Self-efficacy is posited in social cognitive theory as fundamental to behavior change.
Few health behavior studies have examined self-efficacy prospectively, viewed it as part of a reciprocal behavioral process, or compared self-efficacy beliefs in the same population across different behaviors.
This article first discusses self-efficacy in its theoretical context and reviews the available prospective studies.
Second, it explores self-efficacy as a predictor of disease management behaviors in 570 older women with heart disease.
Although the Rz statistics in each case were modest, the construct is shown to be a statistically significant (p<. 05) predictor at both 4 and 12 months postbaseline of several disease management behaviors : using medicine as prescribed, getting adequate exercise, managing stress, and following a recommended diet.
Building self-efficacy is likely a reasonable starting point for interventions aiming to enhance heart disease management behaviors of mature female patients.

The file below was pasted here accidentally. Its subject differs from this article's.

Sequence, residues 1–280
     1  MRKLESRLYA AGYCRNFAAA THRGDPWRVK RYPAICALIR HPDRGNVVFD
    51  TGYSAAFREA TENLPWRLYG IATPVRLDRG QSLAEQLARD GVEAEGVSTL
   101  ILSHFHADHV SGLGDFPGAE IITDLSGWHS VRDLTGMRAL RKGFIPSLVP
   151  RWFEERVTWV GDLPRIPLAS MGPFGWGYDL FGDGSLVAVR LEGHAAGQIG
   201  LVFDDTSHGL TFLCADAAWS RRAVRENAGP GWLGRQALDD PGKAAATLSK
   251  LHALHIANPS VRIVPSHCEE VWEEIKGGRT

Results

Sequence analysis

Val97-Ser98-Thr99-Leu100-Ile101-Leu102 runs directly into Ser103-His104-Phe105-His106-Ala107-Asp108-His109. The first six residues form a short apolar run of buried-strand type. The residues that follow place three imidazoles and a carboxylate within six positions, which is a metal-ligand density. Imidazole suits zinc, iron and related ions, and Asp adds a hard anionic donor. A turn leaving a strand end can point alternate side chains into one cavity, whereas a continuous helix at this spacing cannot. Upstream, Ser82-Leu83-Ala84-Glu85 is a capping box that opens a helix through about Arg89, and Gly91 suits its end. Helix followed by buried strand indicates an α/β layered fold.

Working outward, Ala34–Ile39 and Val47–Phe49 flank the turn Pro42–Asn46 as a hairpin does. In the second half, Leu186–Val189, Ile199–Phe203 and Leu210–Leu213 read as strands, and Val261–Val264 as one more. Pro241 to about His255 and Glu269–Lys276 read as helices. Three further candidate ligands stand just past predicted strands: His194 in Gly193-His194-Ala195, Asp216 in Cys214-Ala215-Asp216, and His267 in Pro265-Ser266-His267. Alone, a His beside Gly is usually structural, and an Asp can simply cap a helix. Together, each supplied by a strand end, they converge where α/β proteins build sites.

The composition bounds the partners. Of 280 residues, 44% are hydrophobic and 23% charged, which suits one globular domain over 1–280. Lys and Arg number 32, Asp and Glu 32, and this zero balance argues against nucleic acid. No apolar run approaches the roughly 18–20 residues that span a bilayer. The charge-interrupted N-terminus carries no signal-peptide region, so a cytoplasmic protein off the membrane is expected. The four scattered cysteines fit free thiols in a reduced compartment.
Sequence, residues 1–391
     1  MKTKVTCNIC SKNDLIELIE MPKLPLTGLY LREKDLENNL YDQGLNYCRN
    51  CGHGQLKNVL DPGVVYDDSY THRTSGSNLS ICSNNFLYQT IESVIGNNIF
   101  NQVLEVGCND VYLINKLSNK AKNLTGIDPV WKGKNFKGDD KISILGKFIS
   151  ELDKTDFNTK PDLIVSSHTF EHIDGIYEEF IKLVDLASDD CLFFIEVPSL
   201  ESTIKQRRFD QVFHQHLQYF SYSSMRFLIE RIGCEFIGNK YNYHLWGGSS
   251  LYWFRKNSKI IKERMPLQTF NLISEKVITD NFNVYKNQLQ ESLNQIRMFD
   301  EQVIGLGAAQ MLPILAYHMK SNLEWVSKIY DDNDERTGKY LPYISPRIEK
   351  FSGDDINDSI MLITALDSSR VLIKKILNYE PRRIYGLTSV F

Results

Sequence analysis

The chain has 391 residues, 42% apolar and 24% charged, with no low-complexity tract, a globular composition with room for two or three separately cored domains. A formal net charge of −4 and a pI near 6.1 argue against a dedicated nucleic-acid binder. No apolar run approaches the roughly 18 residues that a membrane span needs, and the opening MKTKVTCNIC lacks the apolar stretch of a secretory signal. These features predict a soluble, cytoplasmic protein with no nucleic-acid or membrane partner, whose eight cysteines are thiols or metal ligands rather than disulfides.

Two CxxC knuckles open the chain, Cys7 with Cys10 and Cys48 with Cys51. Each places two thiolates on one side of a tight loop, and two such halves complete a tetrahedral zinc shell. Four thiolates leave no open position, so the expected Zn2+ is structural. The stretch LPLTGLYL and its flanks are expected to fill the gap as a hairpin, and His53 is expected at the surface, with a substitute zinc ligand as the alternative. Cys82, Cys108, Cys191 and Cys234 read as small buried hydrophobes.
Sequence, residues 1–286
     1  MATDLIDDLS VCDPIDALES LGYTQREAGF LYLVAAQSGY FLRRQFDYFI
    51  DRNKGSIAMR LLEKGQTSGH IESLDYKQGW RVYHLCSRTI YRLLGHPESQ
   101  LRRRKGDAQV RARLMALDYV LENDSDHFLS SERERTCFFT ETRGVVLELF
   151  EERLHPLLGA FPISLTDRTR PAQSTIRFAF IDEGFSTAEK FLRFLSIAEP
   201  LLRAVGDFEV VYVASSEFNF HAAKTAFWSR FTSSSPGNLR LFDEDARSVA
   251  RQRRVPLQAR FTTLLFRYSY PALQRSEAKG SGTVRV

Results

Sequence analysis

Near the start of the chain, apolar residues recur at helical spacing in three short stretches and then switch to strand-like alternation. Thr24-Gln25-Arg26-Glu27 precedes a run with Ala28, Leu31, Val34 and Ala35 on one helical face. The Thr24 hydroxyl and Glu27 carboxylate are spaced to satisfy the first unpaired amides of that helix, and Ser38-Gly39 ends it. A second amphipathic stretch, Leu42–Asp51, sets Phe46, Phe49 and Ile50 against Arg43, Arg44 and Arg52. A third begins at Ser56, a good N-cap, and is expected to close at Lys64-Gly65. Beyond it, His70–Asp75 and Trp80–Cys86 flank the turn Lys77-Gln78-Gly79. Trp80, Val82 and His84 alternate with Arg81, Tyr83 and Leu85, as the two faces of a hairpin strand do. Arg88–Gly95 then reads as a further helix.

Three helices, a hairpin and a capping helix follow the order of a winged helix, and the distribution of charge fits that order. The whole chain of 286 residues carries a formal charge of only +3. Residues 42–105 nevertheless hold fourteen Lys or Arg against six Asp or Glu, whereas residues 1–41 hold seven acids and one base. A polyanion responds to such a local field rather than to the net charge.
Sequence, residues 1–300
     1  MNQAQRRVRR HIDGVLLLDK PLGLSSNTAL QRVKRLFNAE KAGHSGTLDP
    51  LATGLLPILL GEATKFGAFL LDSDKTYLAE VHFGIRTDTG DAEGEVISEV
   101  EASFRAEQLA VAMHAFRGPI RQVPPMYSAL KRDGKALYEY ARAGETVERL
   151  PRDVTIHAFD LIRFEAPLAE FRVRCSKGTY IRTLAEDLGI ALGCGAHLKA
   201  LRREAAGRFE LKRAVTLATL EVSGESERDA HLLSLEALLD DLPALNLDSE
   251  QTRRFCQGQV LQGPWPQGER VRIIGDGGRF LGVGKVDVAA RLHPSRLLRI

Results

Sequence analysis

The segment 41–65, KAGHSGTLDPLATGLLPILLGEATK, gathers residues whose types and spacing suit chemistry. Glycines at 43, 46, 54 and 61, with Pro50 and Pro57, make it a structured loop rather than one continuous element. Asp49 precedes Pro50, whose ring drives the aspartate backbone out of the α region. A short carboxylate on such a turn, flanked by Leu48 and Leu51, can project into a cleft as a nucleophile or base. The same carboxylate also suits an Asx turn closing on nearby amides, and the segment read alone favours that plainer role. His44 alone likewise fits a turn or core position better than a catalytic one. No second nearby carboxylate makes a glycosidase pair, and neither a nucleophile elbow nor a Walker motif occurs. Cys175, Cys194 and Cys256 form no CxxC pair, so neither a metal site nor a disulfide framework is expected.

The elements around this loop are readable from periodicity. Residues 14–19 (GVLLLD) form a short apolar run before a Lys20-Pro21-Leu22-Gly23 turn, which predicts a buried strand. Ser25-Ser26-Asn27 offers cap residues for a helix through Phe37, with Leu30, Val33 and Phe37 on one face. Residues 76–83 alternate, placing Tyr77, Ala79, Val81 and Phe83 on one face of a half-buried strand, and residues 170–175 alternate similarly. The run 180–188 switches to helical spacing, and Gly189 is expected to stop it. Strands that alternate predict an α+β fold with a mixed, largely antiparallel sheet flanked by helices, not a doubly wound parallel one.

Mots-clés Pascal : Etats Unis, Amérique du Nord, Amérique, Maladie, Personne âgée, Homme, Evolution, Efficacité personnelle, Autorégulation, Evaluation, Questionnaire, Modèle théorique, Théorie cognitive, Cognition sociale, Croyance, Traitement, Epidémiologie, Education santé, Changement comportement
Mots-clés Pascal anglais : United States, North America, America, Disease, Elderly, Human, Evolution, Self efficacy, Self regulation, Evaluation, Questionnaire, Theoretical model, Cognitive theory, Social cognition, Belief, Treatment, Epidemiology, Health education, Behavior change
Notice produite par :
Inist-CNRS - Institut de l'Information Scientifique et Technique
Cote : 99-0128664
Code Inist : 002B30A03C. Création : 16/11/1999.